Dr. Fasano and Ms. Kupper may well have participated to keep things real there, but I know that no leading celiac researcher agrees in the “18 cross-reactive foods” he suggests can be diagnosed by Cyrex labs that are “keeping celiacs from healing” and I know they do not think everyone has an issue with gluten as is this man’s overwhelming suggestion.

                An estimated 6% of the pop has gluten sensitivity, not “everyone”
                on the planet.

                I could go on, but I get tired of talking about these internet “doctors” like this guy and dr. clark and dr vikki (all chiros) and others who think they know everything there is to know about gluten and celiac.

                I just hope people are wise enough to find the most valid information they can from celiac researchers and not depend on “the doc du jour”.

                Reply
                1. Dee

                  oh my gosh irish heart! you mentioned Dr Clark, he is another one i listened to! Geez…his information is what put me in panic mode thinking i had to take my son off of most food, and i did, which is probably why he lost 7 lbs that he didn’t need to lose. i am so glad you and others are getting the word out about this, i only hope other “newbies” don’t fall into their crap like i did.

                  Im so happy i came across this thread and am now getting proper advice. keep doing what you do! you are awesome

                  Reply
                  1. IrishHeart

                    “dr clark” is not a celiac specialist hon.

                    he’s a chiropractor and lists his creds as a functional neurologist

                    “Functional Neurology
” –no one can show me where that’s an accredited degree. Ihave asked.

                    Just click on any of his “articles” on his site…are they peer-reviewed and published in medical journals? no, they are all his ‘stories”.

                    My own chiropractor ( who sticks to fixing backs) finds this all absurd.

                    http://www.sciencebasedmedicine.org/chiropractic-neurology/

                    Reply
                    1. Sybil Nassau

                      pardon me while I choke on that one… “Functional Neurology”? what the devil is that? Never heard of this Clark person, I hope others who are reading this string, pay attention to your words! Let’s emphasize this: any chiropractor professing to fix anything other than neuro-muscular problems relating to necks and backs, has a roomful of expensive supplements they are trying to sell you, wants to sell you expensive kits to diagnose Non -Celiac Gluten Sensitivity (there is no such thing), BEWARE! This is an expensive scam- nothing more, nothing less! Chiropractors are not medical doctors- they cannot order tests, write prescriptions, nor diagnose medical problems. While there are many good, honest, hard-working ones out there who do a lot of good, there are just as many jumping on the GF gravy train and making a fortune off scared, vulnerable people suffering from CD and NCGS.!!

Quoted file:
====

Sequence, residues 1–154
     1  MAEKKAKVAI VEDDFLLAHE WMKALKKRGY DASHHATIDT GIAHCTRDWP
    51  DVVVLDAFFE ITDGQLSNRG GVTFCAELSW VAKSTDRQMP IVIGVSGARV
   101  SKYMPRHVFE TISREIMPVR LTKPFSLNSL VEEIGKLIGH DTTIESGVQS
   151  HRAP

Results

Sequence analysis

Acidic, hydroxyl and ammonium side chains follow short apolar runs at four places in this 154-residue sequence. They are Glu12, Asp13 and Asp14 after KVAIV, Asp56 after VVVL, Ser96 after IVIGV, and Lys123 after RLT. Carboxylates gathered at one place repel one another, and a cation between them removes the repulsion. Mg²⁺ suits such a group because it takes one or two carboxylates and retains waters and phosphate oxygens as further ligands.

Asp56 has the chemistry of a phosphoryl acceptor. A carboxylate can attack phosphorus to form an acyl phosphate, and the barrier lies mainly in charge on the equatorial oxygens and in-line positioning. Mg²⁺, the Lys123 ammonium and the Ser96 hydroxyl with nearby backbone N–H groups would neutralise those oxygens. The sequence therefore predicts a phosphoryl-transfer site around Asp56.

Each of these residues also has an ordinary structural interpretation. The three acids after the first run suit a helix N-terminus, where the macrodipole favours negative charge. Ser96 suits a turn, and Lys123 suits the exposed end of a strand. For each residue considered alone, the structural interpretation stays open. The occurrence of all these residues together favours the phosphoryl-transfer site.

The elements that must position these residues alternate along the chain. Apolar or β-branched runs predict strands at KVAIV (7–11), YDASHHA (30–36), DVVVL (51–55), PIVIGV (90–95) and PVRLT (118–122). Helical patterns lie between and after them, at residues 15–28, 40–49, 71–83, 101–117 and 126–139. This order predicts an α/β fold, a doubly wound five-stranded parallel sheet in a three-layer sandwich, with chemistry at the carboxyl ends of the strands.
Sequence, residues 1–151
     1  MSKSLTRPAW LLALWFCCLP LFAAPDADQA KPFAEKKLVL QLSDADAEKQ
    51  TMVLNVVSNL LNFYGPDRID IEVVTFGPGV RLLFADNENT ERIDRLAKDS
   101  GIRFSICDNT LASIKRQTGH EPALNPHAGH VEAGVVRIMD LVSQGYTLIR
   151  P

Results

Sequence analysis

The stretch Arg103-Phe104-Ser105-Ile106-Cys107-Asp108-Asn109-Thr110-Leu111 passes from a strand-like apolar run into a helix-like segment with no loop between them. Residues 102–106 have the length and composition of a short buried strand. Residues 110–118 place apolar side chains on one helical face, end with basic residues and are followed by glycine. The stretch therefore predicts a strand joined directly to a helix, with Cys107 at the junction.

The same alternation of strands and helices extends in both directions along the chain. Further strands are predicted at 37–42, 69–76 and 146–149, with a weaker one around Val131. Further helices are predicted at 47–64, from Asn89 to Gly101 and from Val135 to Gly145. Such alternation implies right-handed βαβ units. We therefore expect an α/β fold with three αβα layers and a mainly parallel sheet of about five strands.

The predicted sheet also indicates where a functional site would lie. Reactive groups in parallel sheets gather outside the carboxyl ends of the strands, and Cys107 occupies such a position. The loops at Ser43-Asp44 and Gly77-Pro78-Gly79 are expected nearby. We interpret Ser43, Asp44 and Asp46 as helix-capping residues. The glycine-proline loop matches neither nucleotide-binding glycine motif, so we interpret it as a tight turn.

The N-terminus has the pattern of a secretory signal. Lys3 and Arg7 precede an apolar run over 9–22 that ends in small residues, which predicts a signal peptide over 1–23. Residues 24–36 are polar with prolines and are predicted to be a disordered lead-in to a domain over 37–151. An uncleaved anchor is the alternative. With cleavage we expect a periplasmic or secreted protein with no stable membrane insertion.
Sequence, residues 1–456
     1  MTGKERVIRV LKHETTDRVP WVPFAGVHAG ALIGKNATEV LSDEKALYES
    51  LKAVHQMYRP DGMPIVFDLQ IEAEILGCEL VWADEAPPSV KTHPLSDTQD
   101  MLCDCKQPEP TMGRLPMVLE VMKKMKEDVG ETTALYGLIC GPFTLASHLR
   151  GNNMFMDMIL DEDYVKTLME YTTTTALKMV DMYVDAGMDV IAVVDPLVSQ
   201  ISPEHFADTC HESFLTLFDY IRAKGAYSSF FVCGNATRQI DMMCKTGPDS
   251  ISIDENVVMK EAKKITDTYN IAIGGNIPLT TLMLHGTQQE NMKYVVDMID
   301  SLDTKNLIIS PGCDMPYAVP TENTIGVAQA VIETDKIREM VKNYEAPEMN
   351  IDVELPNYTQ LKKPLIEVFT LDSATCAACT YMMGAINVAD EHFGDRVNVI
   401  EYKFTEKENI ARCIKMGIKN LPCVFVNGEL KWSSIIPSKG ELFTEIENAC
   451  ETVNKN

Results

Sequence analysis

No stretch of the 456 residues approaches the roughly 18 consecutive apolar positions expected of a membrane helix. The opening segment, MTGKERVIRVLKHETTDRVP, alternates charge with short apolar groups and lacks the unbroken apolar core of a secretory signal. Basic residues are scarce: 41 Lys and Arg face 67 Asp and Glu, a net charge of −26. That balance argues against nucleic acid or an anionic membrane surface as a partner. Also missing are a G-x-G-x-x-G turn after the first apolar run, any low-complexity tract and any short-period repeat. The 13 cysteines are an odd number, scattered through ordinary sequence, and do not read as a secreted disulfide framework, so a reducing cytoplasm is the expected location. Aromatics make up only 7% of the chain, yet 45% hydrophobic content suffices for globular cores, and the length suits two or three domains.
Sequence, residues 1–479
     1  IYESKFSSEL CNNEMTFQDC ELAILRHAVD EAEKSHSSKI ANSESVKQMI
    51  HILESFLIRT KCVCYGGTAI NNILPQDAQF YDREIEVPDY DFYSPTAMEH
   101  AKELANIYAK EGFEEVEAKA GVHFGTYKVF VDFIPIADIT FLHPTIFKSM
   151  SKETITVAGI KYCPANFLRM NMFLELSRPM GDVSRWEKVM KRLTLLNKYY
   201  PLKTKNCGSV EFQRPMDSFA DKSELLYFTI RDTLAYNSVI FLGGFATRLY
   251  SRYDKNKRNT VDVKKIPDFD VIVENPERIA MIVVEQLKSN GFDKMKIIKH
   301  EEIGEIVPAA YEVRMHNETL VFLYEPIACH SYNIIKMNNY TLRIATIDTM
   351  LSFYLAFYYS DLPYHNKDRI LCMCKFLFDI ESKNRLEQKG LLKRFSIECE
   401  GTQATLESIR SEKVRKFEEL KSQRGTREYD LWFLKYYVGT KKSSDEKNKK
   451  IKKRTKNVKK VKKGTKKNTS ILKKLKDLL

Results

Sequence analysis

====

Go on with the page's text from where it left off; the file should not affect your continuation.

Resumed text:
2. Sybil Nassau

                  Irish Heart– you have raised many very valid points and I appreciate ou taking the time to do so. You have obviously done a lot more research on this guy than I have (and should have) done. That said, I have heard a bit about this “practictioner” thing from a couple of medical doctors, a naturopath and a few nutritionists.From what they told me, he is looking for professionals who have a sub -specialty diagnosing and treating celiac patients, and helping with the nutritional aspects of diet. Only one so far in the state of CT has taken him up on the “mere $997” fee! The idea itself isn’t bad, so much as what IS bad is the number of chiropractors putting themselves out there as something they are NOT. They have no business diagnosing or pretending to practice medicine. Frankly, I don’t think any self-respecting medical doctor would stoop to this level, so that leaves Naturopaths, many of whom are a lot better at diagnosing and treating celiac than some physicians. Thanks again for opening my eyes to another danger in our midst. Guess I better do some more research!

                  Reply
                  1. IrishHeart

                    No offense to NDs. (I met one back in 2008 who tried valiantly to help save me pre-DX) but often, they are not able to write the scripts for valid testing for celiac. They will instead order these test kits for you at $400+ each to “diagnose food intolerances”

                    But, there are no valid tests for NCGS or food intolerances, so really, when you think about it, …what can any “practitioner”offer anyone except bogus testing??
                    …. and..the purchase of supplements and homeopathic remedies (which DO NOT TREAT CELIAC)

                    Believe me, I went that route pre-DX when I was desperate and dying and frankly, all that happened was we spent thousands of dollars on…NOTHING. :(